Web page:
stock market crash recession

RINGOES, NJ. The numbers keep rolling in. The Dow is below 7000. Unemployment is above 8%. In the fourth quarter of 2008, the economy contracted at a rate of 3.8%. This was less than some economists predicted, but such “negative growth” indicates that the economy is sputtering and people are not spending as much. Or it might be better to say that the economy is sputtering because people are not spending as much. In order to address this economic downturn, a downturn that has spread across the globe, the Congress passed a “stimulus package.” The goal, of course, is to stimulate growth. In fact, steady growth is the benchmark by which our economy is deemed healthy. While it is heretical to do so, I think it is time to ask whether or not the idea of perpetual economic growth is, in fact, a realistic indicator of economic health.

Economic growth requires increased production. The economy cannot grow unless production grows. But production cannot increase unless consumption increases. Someone must purchase the goods that are produced. If this does not occur, economic growth is impossible. In the fourth quarter of 2008, Americans, feeling the economic squeeze, chose to hold on to their money. They purchased less goods, and the economy contracted. This restraint, if economic growth is the benchmark for economic health, was bad.

Consumption, then, must increase if the economy is to grow, and a healthy economy is a growing economy. Thus, a healthy economy requires a steady increase in consumption. One way to facilitate this expansion is to tap into foreign markets and thereby find new consumers of the goods we produce. This, of course, is ultimately limited by the size of the world and the capacities of foreign markets to absorb our products. Furthermore, expanding into foreign markets is made difficult when the economic downturn is global in scale. Everyone’s wallet is tighter.

A second way to expand consumption is to increase per capita consumption at home. The economy needs Americans to buy more products. When stated in this way, it becomes the patriotic duty of every American to consume. But if growth is to be perpetual, our consumption must not only continue but steadily increase. Forever. The long term prospects of such a program are dubious when we consider the finite natural resources at our disposal. When we factor in the contracting birthrates throughout the developed world, the idea of perpetual growth seems obviously ill-fated.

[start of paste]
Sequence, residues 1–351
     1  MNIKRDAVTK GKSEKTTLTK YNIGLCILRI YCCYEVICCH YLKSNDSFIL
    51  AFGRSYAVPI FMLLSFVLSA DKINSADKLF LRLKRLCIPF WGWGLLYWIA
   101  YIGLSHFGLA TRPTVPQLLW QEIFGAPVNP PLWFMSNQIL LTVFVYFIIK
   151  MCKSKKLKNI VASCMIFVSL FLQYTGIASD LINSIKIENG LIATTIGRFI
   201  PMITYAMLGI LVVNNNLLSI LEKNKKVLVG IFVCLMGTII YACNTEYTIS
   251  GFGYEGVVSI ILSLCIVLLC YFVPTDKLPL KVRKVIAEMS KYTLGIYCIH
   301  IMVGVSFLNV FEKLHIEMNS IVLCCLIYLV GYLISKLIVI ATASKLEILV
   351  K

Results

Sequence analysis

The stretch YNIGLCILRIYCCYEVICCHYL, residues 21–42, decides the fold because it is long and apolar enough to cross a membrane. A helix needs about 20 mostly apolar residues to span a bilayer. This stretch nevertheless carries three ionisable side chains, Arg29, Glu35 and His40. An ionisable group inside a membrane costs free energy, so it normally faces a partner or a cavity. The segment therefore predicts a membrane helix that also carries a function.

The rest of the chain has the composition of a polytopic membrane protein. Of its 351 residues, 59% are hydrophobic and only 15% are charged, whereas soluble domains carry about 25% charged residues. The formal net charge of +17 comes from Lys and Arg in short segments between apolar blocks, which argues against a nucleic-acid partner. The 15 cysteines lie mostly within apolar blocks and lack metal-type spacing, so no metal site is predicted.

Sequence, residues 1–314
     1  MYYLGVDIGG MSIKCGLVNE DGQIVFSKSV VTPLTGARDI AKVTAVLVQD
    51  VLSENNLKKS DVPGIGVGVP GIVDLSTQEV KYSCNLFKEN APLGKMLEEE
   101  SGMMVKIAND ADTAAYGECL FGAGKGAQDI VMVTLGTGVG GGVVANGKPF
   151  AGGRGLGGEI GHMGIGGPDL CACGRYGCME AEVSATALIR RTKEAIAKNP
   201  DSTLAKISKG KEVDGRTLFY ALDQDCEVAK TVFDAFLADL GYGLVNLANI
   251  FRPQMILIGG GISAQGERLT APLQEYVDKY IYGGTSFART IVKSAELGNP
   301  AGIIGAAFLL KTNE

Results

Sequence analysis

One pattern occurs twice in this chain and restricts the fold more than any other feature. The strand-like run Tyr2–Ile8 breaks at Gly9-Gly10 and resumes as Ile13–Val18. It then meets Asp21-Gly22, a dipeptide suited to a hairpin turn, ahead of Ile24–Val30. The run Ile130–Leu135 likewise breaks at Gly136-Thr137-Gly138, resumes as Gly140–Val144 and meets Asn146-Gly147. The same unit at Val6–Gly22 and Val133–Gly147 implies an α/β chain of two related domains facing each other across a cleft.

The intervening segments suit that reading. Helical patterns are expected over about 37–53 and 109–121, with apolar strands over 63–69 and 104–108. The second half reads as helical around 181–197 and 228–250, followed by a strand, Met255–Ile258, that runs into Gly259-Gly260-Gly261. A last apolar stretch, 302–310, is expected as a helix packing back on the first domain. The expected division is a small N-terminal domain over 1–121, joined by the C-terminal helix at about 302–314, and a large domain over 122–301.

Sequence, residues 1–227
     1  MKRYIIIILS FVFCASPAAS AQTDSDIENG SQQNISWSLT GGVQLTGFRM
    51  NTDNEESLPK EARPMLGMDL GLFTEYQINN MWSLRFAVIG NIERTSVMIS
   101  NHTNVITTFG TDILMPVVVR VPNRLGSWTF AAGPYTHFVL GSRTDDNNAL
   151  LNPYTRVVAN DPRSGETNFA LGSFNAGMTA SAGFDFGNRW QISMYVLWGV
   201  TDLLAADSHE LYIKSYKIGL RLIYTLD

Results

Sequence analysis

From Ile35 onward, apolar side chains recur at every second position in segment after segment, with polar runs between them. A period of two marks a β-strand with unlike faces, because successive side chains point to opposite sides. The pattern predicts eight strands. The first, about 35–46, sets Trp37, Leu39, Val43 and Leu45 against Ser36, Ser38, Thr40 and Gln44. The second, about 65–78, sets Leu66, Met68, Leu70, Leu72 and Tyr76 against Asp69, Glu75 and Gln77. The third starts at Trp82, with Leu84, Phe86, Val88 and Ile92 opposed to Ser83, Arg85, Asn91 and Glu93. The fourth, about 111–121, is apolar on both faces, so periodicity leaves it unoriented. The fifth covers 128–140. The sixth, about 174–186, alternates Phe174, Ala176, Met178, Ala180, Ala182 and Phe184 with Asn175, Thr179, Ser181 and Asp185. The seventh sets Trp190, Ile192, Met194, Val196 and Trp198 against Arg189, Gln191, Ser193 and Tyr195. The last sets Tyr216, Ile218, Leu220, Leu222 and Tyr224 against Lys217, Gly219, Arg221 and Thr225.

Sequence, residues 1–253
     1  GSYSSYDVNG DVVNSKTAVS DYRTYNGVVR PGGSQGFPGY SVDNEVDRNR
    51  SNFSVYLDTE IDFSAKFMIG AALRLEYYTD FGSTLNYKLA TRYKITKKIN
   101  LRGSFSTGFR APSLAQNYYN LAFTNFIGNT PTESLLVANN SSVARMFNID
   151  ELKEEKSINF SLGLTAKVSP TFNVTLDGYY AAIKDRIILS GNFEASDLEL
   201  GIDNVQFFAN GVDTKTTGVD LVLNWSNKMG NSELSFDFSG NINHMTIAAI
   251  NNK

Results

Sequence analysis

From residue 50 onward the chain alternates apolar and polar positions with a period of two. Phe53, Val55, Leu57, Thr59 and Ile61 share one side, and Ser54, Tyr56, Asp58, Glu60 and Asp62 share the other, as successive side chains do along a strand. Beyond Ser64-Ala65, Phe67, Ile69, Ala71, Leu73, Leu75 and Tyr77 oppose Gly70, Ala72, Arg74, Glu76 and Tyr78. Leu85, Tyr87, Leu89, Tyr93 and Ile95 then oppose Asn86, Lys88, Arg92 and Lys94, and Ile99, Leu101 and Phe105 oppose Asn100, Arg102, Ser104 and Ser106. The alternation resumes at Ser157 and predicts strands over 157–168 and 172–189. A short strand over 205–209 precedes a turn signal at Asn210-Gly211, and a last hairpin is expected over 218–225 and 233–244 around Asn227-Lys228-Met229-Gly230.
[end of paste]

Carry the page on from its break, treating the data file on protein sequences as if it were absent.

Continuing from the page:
Now I realize that economic growth is not reducible to Happy Meal Toys and cheap toasters. Production includes non-tangible goods that are not the direct object of appetite. But, nevertheless, consider how this ideal of perpetual growth, in large part fueled by perpetually increasing consumption, stands in relation to traditional virtues like self-control and thrift. Imagine what would happen to our economy if Americans decided to practice self-control and thereby resist buying things they don’t need. Imagine what would happen if Americans resurrected the notion of thrift, a way of life practiced by our parents and grandparents who lived through the Great Depression. What if Americans once again began to practice, on a significant scale, the neighborly arts of barter and borrowing? The economy would contract dramatically. It seems clear that an economy based on perpetually increasing consumption is an economy whose health depends on the active denial of certain virtues.

John Maynard Keynes, that giant of 20th century economics, has made a comeback of late. He, of course, advocated the idea of deficit spending to stimulate economic growth. Keynes is the acknowledged authority whose economic theories are being used to justify current attempts to jump start the economy. As we buckle in for another Keynesian-inspired spending spree, it might be instructive to notice that he also had something to say about the relationship between economic growth and virtue. In a 1930 essay titled “Economic Possibilities for our Grandchildren,” Keynes imagined a future day when the economic problem of scarcity would be solved and humans could pursue more important things than their daily bread. But such a glorious future would require economic growth, and in order to achieve that, we must, for a time, set virtue aside. “For at least another hundred years we must pretend to ourselves and to every one that fair is foul and foul is fair; for foul is useful and fair is not. Avarice and usury and precaution must be our gods for a little longer still. For only they can lead us out of the tunnel of economic necessity into daylight.” In order to sustain economic growth, we must, according to Keynes, embrace vice and deny virtue. We must set aside worship of God and continue to bow to the god of avarice. We must, in short, take up idols if our economy, as currently structured, is to be healthy. The free market does not require this, but the ideal of perpetual economic growth does.

If the health of our economy is predicated on the denial of certain virtues, something is seriously amiss. If the ideal of perpetual economic growth requires a perpetually frenzied consumerism, it is time to consider a different indicator of economic health. President Obama’s stimulus package is clearly based on this false ideal of perpetual economic growth. This ideal is embraced by the leaders of both political parties, even as the Republicans reject the specific means to that end. As the slurry of dollars begins to wash over us, many Americans are looking for a new direction. A return to the virtues of self-control and thrift would signal something really radical. So would a return to the idea of sustainability, a return to the belief that conserving for future generations is our first duty, and a recognition that putting aside idols is the first step to wisdom.